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September 30, 2010

New Grounds

First Twitter, now Facebook.

Please feel free to join the new Facebook page. I'll try and do something more with it, rather than just linking to blog posts.

Thanks for reading!

The Marzette Watts Ensemble

This is quite a notable recording. One that has received praise from both Destination: Out, as well as in Thurston Moore's top ten (14) Free Jazz Underground Recordings. But to be honest, why isn't Marzette Watts more popular. This is a man who had creativity flowing all over his body. A man who wrote film scores, created his own films, painted in the vein of the Abstract Expressionists, and created truly unique music.

The Marzette Watts Ensemble is a meditative, artistic vision. Not a wall of sounds assaulting the listener, but a metaphysical journey. Free, in the moment, and inspiring visuals of shapes and colors. The Ornette Coleman standard, Lonely Woman, hits the spot. Mostly because of the vocals provided by Patty Waters adds even more of a haunted quality to the song. And after the first verse, Marty Cook and Marzette Watts duo like it's the last piece of music they'll ever create. Maybe, that's what making music was like back then.
1969 - Savoy.

Marzette Watts - tenor sax; Marty Cook - trombone; Tom Berge & J. C. Moses - drums; Juny Booth, Steve Tintweiss, Cevera Jehers - basses; Frank Kipers - violin; Robert Fews - piano; George Turner - cornet; Patty Waters, Amy Schaeffer - voices

September 23, 2010

Happy Birthday Coltrane

Today marks the 84th anniversary of John Coltrane's birth. Please feel free to indulge in his recordings for the day, which I can help but do almost everyday.

Tune into Portland's listener supported KMHD Jazz Radio to hear highlights of his recordings throughout the day.

Photo Credit: Lee Friedlander, 1960

When It Rains It Pours

Portland has been quite the melting pot for great live jazz this month. Local icon Devin Phillips performed John Coltrane's A Love Supreme last Saturday night. Chick Corea alongside legends Roy Haynes, Christian McBride, and Kenney Garrett played last weekend at the Schnitz. Trombone virtuoso Curtis Fuller played just this week at Jimmy Maks. Did I get to see any of it? NOPE. Having two jobs starts to wain on personal endeavors, but that's ok because PDX Jazz just announced the theme and acts for the 2011 Alaska Airlines/Horizon Air Portland Jazz Festival presented by U.S. Bank. You heard that right.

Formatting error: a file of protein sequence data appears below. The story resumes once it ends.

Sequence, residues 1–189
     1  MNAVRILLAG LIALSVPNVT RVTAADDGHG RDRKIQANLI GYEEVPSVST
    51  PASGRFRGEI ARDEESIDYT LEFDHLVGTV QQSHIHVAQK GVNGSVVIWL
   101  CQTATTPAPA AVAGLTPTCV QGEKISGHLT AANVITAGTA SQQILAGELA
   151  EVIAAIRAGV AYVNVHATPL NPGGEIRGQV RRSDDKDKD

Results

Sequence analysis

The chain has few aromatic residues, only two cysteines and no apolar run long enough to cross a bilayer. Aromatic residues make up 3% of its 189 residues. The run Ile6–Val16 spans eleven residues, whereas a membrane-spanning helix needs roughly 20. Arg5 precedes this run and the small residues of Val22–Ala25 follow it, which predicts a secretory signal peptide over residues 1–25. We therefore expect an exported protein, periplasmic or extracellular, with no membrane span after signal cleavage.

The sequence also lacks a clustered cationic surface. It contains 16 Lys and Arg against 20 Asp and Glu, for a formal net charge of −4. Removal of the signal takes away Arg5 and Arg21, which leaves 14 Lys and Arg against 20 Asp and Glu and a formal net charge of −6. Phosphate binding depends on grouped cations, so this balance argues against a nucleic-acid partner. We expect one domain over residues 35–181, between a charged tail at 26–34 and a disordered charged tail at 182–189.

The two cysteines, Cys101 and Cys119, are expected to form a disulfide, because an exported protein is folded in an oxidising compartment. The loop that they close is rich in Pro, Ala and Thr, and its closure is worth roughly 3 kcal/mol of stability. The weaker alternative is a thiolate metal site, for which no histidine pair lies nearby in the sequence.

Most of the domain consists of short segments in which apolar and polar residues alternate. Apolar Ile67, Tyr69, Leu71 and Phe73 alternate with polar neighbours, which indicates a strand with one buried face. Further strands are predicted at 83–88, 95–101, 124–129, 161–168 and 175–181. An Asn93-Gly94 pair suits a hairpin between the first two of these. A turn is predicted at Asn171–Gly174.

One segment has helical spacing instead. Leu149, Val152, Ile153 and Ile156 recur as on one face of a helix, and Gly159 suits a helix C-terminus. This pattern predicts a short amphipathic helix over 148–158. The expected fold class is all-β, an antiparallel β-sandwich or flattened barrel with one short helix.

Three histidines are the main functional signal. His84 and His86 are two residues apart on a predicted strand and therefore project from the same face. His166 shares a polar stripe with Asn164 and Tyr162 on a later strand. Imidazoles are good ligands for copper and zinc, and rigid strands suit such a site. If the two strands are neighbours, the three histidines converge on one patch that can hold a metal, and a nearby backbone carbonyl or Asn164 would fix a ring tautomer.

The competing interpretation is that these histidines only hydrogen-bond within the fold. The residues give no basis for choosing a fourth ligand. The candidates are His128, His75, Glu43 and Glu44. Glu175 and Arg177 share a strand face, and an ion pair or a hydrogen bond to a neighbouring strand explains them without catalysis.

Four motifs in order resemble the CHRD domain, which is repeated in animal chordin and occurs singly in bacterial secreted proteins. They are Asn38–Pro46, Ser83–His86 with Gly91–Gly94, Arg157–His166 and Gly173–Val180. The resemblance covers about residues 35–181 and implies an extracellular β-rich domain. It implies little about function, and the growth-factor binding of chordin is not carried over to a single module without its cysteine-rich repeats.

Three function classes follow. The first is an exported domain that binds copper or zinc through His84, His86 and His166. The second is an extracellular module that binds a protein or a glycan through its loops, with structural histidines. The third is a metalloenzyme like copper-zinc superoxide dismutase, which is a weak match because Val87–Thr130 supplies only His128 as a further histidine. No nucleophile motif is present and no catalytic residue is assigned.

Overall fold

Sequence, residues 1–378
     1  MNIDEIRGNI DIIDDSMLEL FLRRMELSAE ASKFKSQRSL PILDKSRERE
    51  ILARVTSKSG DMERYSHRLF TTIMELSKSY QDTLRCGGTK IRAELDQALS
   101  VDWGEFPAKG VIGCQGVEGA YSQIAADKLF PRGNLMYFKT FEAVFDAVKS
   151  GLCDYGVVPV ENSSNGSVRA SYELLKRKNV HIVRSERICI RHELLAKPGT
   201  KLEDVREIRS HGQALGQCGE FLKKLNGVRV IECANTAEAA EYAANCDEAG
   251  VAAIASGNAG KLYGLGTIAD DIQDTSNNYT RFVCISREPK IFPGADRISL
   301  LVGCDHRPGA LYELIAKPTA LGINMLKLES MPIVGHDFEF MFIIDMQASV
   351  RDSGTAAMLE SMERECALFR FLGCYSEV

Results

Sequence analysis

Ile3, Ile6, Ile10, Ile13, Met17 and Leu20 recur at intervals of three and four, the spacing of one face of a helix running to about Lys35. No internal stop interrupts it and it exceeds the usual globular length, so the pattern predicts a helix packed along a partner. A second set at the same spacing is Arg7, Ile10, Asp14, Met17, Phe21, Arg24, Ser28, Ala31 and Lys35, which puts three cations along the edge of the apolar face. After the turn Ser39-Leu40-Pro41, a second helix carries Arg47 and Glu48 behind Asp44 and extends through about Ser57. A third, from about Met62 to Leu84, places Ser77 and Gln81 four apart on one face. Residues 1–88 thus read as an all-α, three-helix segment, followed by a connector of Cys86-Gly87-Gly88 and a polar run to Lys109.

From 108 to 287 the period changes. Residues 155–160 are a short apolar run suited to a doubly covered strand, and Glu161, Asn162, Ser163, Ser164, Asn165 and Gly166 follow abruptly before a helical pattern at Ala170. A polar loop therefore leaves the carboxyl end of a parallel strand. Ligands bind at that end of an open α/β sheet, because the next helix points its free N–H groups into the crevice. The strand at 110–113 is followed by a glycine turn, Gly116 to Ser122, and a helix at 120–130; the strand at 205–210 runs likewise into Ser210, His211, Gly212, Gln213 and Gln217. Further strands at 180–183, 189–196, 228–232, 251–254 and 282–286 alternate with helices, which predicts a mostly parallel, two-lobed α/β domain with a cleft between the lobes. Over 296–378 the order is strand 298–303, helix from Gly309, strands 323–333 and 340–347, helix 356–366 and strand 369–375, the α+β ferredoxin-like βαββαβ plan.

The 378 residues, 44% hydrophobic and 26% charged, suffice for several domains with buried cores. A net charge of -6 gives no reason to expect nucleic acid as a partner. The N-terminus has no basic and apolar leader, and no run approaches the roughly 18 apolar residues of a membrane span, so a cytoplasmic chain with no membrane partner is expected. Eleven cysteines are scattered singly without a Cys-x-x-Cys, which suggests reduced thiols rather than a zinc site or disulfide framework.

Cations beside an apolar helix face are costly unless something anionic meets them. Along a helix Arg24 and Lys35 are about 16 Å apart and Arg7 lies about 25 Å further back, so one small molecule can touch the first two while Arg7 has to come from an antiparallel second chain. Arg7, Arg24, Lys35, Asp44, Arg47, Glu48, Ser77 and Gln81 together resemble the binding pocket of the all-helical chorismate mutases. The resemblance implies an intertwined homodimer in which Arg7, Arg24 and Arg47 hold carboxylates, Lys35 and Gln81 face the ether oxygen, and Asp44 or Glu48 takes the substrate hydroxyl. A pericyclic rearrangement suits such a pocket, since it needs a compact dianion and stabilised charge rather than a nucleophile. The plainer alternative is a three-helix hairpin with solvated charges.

More posts to follow about events, what I'm interested in, and must sees of the festival. It's that time when Portland jazz nerds can get all gitty again!

Press release below:


Past, present and future collaboration between African Americans and Jewish Americans is the message behind Bridges and Boundaries:Jewish & African Americans Playing Jazz Together, the theme of the 2011 Alaska Airlines/Horizon Air Portland Jazz Festival presented by US Bank. The festival, which annually selects a compelling musical and programming theme, will be held Friday, February 18 through Sunday, February 27 at venues throughout Portland. The complete festival lineup will be announced on October 13 when single show and special package tickets go on sale exclusively to PDX Jazz members. Tickets will become available to the general public on October 23.

A select few of this year's culturally diverse headliners include Avishai Cohen, the Israeli trumpeter, one of the leading players in the new all-star performing the work of African American pop icon Stevie Wonder. Cohen will also be joined by his siblings Anat Cohen and Yuval Cohen for a special performance of SFJAZZ Collective,The 3 Cohens. Famed African American violinist Regina Carter will return to Portland, presenting her newest project, Reverse Threads, which traces the musical history of African cultures, including tribes of Ugandan Jews. And, Joshua Redman, son of African American saxophonist Dewey Redman and Jewish American dancer Renee Shedroff, leading his new James Farm Quartet that includes both African American and Jewish American musicians.

African and Jewish American community leaders, Portland Jazz Festival's new Artistic & Community Ambassador Esperanza Spalding (who will lead her new Chamber Music Society in an exclusive Portland area engagement), and many other artists will participate and interact in panel discussions and "Jazz Conversations" focusing on artistic and social perspectives. National jazz journalists, writers, and critics-including Nat Hentoff-will also participate in these events.

"The original idea for this festival came from Nat Henoff's writings about jazz as a meeting place for African and Jewish Americans." said Bill Royston, Artistic Director of the Portland Jazz Festival. "His writings of Steven Bernstein's 'Diaspora Blues' to the odyssey of Willie 'The Lion' Smith were of primary influence. Historically, the music drew people together, and today there is a new wave of Israeli musicians who have moved to New York and elsewhere across the United States."